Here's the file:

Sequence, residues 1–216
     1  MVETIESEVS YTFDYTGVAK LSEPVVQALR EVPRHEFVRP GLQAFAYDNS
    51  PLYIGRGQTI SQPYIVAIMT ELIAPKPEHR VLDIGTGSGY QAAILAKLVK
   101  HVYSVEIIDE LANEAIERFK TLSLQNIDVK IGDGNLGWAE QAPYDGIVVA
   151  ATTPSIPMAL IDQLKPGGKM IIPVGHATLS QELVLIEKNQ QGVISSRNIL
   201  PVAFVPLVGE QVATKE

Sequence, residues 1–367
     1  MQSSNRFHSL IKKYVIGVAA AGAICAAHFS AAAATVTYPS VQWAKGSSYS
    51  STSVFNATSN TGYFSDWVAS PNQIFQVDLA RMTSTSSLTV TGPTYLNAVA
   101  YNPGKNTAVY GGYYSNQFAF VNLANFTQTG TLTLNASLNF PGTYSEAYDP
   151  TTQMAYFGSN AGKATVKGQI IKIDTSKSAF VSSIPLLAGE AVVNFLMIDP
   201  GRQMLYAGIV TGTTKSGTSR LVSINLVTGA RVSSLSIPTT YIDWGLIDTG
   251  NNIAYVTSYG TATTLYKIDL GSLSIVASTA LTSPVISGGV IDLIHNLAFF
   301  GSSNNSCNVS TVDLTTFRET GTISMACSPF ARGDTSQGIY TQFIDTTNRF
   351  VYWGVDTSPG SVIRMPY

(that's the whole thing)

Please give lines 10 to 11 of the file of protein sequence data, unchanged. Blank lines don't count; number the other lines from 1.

   101  YNPGKNTAVY GGYYSNQFAF VNLANFTQTG TLTLNASLNF PGTYSEAYDP
   151  TTQMAYFGSN AGKATVKGQI IKIDTSKSAF VSSIPLLAGE AVVNFLMIDP